Pencil, pen and black ink
sold for £205,250
signed with monogram (lower right) and dated '1860' (lower left) and inscribed 'Annie Miller' (upper left) and 'aetat XXI' (upper right)
pencil, pen and black ink, within the artist's black-lined border
10 x 9½ in. (25.4 x 24.1 cm.)
From the Collection of L.S. Lowry, R.A.
V. Surtees, The Paintings and Drawings of Dante Gabriel Rossetti: A Catalogue Raisonné, Oxford, 1971, vol. I, p. 173, no. 354; vol. II, pl. 404.
Annie Miller (1835-1925) was a girl of striking appearance and easy virtue who came from humble origins in a Chelsea slum. She sat to Holman Hunt for his Awakening Conscience (Tate Gallery), exhibitied at the Royal Academy in 1854, and he hoped to marry her when she had learnt to write and conduct herself in a ladylike manner. Before he left for the Holy Land in January 1854, he paid for her education and gave her a list of artists for whom she could sit. It did not include Rossetti, but she disregarded Hunt's instructions and was often Rossetti's model during the ensuing years, posing, among others, for Dante's Dream (1856; Tate Gallery), Cassandra (1861; British Museum), and Helen of Troy (1863; Kunsthalle, Hamburg). Virginia Surtees also lists six independent studies, including the present drawing.
Madox Brown described Annie as 'siren-like'. All the artists for whom she modelled, he wrote, were 'mad' about her, and this was certainly true of Rossetti. Indeed he seemed to go out of his way to arouse Hunt's jealousy by taking Annie to Bertolini's restaurant, Cremorne Gardens, and other dubious resorts. The affair would cause a permanent rift between the two Pre-Raphaelite Brothers.
Annie is frequently mentioned in the diary of G.P. Boyce, another of her admirers. On 21 January 1858 Hunt, long since back from the East but no nearer resolving his relations with Annie, called on Boyce. 'Having in prospect to marry Annie Miller,' Boyce wrote, 'after that her education both of mind and manners shall have been completed, he wished to destroy as far as was possible all traces of her former occupation, viz, that of sitting to certain artists'. Reluctantly, Boyce agreed to surrender a head study he had made of Annie, even though it was 'the most careful and the (one)... which I prize the most I have ever made'; but he must have wondered if the sacrifice had been worth it when Annie herself visited him on 22 December 1859 'in an excited state to ask me to recommend her to someone to sit to. She was determined on sitting again in preference to doing anything else. All was broken off between her and Hunt. I pitied the poor girl very much, by reason of the distraction of her mind and heart.'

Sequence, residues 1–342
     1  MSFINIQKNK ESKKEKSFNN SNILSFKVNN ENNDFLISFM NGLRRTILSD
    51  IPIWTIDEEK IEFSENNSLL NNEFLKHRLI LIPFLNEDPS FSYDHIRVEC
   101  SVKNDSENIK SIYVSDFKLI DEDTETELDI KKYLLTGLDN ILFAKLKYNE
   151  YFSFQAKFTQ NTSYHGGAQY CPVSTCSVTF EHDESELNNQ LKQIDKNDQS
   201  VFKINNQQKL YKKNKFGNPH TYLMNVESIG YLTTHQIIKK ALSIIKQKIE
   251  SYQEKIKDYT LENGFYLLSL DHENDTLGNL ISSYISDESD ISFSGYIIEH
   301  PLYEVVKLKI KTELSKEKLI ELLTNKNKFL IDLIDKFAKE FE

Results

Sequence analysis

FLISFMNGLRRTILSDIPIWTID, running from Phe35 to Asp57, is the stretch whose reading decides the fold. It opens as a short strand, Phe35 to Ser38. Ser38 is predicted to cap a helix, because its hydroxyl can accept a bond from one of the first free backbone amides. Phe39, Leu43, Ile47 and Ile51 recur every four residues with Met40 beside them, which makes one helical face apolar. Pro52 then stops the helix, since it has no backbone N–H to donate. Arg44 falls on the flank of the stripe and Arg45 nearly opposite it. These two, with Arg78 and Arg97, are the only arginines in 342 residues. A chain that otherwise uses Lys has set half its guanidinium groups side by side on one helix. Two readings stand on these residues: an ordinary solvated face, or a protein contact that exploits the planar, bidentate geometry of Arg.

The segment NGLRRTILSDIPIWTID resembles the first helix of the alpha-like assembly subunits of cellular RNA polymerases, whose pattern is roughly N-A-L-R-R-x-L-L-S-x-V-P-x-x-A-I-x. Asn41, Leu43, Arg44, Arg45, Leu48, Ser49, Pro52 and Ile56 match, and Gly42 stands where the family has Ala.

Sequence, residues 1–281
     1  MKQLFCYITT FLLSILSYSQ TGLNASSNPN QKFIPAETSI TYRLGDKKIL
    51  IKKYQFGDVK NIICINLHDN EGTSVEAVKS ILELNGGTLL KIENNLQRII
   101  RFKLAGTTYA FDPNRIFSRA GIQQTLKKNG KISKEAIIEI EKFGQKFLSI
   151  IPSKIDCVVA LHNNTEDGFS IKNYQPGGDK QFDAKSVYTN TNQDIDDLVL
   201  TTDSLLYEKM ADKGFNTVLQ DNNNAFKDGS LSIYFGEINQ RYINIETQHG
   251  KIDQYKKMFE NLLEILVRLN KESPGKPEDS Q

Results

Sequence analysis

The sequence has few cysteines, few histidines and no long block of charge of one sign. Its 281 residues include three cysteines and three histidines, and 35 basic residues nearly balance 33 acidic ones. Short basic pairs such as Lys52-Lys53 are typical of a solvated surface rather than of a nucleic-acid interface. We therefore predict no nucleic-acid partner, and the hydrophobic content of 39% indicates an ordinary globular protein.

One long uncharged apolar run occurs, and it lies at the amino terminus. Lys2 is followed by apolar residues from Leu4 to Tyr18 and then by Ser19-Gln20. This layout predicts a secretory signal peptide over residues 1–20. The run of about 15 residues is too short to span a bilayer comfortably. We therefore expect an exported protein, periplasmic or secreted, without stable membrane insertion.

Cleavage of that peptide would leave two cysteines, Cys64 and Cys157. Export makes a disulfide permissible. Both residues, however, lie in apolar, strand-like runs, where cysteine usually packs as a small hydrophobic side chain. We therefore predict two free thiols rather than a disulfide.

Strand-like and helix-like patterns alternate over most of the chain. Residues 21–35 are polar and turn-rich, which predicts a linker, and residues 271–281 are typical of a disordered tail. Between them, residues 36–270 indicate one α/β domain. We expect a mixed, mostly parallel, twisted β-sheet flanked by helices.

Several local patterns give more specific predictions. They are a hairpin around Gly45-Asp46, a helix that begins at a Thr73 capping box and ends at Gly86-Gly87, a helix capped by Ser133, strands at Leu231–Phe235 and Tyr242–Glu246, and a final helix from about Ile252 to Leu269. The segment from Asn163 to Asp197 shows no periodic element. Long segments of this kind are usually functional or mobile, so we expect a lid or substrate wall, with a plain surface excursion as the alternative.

Anxious not to cause any misunderstanding with Hunt, Boyce called on him that evening to tell him of Annie's visit and inform him that he intended to ask her to sit to him 'instead of to any stranger.' Hunt agreed it was the best course, and 'the interview was friendly throughout'.
Within a week Annie was sitting again to Boyce, 'looking more beautiful than ever,' and Rossetti was joining him to make a 'pencil study of her', now in the Birmingham Art Gallery (Surtees 355). Several more sittings are noted in the diary, after one of which, in March 1860, Boyce lent his model a copy of Wuthering Heights, evidence that her education, however neglected and patchy, was not negligible.
Annie made her last appearance in the diary on 16 June 1862 when Boyce saw her at the International Exhibition, 'looking as handsome as ever, (and) walking with a young man, rather a swell'. This was probably Thomas Ranelagh Thomson, the first cousin of a former lover, whom she married the following year. Long afterwards, Hunt was to meet her accidentally, 'a buxom matron with a carriage full of children, on Richmond Hill.' They stopped and talked, discovered that they were both now happily married, and Hunt admitted to himself that, traumatic as their relationship had seemed at the time, he could now forgive Annie's 'offence'.
Our handsome drawing is dated 1860 and must have been made not long after Annie began sitting again to Rossetti and Boyce at the end of the previous year. It shows her at the age of twenty-five, not twenty-one as the inscription indicates ('aetat XXI'). This suggests that she had lied to Rossetti about her age, perhaps in her anxiety to resume her career as a model.
The drawing belonged to the artist L.S. Lowry (1887-1976), a passionate devotee of Rossetti, and is not the first of the Pre-Raphaelite's works with this provenance to grace these Rooms. The 1877 version of Proserpine (private collection) was sold on 27 November 1987 (lot 140), making saleroom history by becoming the first Victorian picture to realise more than £1 million, and Pandora, a magnificent red chalk drawing of 1869, which still holds the world record price for a Victorian work on paper, followed on 14 June 2000 (lot 14). Lowry had acquired them repectively two years before and two years after he bought the present study.